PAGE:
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Legislature passes ferry fare freeze
Rolfes brokers a deal to forestall future increases while WSF finances are studied.
Ferry riders will feel a bit of financial turbulence this spring but after that, expect two years of smooth sailing.
The state Legilstature passed a bill late Friday that would would freeze fares until October 2009 after the scheduled 2.5 percent fare hike goes into effect May 1. Rep. Christine Rolfes, a Bainbridge Democrat, brokered the deal and says Gov. Chris Gregoire has indicated she will sign the measure into law.
The agreed-upon fare freeze will save ferry riders upwards of $55 million and give us a two-and-a-half-year window to open the system wide and cut costs, said Rolfes. This is the first successful fare freeze that we have seen since 2000, and trust me, this discussion is far from over.
Riders have seen ticket prices increase more than 70 percent through annual hikes over the last seven years.
Rolfes bill, which passed the House but struggled in the Senate, would have held fares steady for one year while Washington State Ferries underwent a financial assessment to eliminate unnecessary capital and operating costs, increase ridership during off-peak hours and improve long-term planning.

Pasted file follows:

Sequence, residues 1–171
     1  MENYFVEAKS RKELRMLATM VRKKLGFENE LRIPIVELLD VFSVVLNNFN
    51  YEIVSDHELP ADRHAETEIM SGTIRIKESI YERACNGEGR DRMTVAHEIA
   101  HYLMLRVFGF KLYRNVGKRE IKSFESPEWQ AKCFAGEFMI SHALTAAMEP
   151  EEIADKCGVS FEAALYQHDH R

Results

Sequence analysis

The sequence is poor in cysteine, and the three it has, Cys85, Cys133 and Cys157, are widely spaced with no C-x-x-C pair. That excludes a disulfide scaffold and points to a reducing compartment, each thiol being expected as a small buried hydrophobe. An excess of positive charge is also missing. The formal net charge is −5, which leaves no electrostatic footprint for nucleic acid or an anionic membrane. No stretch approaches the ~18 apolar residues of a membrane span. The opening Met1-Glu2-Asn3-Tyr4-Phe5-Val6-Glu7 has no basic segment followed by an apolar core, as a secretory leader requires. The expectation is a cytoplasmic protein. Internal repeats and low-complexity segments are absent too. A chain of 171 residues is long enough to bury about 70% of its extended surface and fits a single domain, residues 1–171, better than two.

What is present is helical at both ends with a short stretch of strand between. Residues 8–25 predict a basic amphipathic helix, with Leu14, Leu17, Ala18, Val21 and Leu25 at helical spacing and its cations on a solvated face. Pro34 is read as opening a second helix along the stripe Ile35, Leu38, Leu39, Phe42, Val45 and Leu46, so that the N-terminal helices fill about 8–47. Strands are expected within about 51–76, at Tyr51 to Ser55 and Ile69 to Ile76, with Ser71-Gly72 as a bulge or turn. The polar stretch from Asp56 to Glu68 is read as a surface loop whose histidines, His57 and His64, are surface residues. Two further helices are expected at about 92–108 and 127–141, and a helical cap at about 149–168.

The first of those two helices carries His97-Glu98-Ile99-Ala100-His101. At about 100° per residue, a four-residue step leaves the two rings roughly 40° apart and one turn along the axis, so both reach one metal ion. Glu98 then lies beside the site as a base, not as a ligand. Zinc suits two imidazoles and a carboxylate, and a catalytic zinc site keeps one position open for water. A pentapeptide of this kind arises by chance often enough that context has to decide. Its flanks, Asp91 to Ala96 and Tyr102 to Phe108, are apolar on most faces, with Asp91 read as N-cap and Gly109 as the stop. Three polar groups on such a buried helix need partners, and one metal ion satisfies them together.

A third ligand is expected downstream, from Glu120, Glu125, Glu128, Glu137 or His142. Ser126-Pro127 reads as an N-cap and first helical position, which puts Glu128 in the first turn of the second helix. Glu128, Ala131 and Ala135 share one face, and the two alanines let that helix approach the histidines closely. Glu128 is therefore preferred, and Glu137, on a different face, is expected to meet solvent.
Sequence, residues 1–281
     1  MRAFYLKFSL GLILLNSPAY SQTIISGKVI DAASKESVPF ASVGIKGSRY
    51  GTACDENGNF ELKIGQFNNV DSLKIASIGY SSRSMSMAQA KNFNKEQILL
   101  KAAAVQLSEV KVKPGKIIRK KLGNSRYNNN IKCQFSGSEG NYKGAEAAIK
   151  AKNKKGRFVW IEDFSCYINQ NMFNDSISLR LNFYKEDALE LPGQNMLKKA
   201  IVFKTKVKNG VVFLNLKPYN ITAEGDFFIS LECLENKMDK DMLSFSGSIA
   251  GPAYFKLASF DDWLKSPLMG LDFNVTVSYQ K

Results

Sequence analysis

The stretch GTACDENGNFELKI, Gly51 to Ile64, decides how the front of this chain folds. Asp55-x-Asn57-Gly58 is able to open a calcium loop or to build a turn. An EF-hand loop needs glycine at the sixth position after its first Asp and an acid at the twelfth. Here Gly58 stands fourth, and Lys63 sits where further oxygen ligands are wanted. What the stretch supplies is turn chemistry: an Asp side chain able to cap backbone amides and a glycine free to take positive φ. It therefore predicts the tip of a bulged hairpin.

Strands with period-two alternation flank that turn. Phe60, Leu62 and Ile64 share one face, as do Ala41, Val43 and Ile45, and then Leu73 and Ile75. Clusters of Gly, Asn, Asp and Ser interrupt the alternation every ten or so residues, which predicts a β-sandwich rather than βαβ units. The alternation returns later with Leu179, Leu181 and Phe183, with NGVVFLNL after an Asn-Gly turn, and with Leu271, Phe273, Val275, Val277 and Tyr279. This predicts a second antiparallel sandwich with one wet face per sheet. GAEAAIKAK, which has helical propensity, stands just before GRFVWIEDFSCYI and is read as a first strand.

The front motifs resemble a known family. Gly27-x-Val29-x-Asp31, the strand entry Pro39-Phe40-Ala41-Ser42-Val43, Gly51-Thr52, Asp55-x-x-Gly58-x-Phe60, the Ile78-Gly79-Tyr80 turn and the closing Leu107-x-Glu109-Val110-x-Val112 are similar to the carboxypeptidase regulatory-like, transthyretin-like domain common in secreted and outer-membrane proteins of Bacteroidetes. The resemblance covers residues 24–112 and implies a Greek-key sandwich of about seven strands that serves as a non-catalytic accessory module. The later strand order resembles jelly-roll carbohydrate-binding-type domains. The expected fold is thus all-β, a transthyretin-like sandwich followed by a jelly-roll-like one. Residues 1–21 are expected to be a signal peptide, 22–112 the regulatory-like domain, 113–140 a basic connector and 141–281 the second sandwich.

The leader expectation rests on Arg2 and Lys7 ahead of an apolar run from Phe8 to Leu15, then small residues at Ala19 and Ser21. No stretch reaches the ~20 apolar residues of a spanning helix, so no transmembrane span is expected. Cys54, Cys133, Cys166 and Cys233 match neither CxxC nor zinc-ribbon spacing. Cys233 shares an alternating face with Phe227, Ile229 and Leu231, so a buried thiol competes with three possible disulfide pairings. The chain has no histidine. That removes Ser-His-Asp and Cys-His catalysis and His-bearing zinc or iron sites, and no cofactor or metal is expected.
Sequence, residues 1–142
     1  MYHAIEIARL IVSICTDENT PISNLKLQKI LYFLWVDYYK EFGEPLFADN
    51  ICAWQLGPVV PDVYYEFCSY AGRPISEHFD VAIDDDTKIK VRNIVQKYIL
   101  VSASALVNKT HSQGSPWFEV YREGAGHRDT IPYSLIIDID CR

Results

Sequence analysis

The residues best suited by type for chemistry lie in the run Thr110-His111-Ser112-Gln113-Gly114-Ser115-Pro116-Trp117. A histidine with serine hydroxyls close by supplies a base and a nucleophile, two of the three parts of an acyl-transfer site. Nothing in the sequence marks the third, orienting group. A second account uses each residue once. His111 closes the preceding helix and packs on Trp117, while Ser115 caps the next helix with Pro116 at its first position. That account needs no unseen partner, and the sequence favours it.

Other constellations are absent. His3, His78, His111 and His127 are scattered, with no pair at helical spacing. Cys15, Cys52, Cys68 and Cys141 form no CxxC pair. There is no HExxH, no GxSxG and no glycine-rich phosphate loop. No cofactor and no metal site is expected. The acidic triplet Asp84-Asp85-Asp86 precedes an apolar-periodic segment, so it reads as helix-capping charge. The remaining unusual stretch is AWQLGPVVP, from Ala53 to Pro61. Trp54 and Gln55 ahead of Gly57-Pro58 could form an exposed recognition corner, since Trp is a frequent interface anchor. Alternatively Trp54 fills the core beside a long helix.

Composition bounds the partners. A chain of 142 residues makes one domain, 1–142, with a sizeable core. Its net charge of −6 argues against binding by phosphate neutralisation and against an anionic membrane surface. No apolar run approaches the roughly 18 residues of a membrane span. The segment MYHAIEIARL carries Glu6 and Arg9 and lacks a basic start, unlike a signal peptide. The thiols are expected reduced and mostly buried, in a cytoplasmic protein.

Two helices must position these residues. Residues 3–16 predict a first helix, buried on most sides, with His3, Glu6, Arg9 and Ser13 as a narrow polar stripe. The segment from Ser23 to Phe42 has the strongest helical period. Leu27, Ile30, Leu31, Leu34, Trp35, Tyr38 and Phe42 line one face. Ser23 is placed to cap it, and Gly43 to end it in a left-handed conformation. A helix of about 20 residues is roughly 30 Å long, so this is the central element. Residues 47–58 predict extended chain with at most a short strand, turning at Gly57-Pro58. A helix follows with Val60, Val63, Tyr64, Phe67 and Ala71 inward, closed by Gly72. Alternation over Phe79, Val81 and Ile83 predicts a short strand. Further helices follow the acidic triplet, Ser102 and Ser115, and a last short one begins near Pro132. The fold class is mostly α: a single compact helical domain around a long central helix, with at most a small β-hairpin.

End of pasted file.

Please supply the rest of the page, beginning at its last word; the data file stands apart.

Despite strong support from the three senators representing Kitsap County, including Sen. Phil Rockefeller (D-Bainbridge Island), north Puget Sound senators feared a fare freeze could endanger services for Whidbey Island and the San Juan Islands.
Gov. Chris Gregoire stepped in on Thursday when the conflict threatened to stall passage of the state transportation budget. In a private meeting, Rolfes struck a compromise with Sen. Harriet Spanel (D-Bellingham) and other key north sound senators.
I liked my bill better, but what we agreed upon is reasonable, Rolfes said. We had a good discussion and at least the freeze will last longer than I originally proposed.
Additional provisions were added to bar the use of ferry fares on capital expenses and to increase ferry-rider input into fare and operation decisions.
The other major victory is in requiring the transportation commission to conduct market surveys of ferry riders and hold public hearings in the communities that will be impacted, Rolfes said. The people who are affected need a voice in the decision-making process. This bill does that.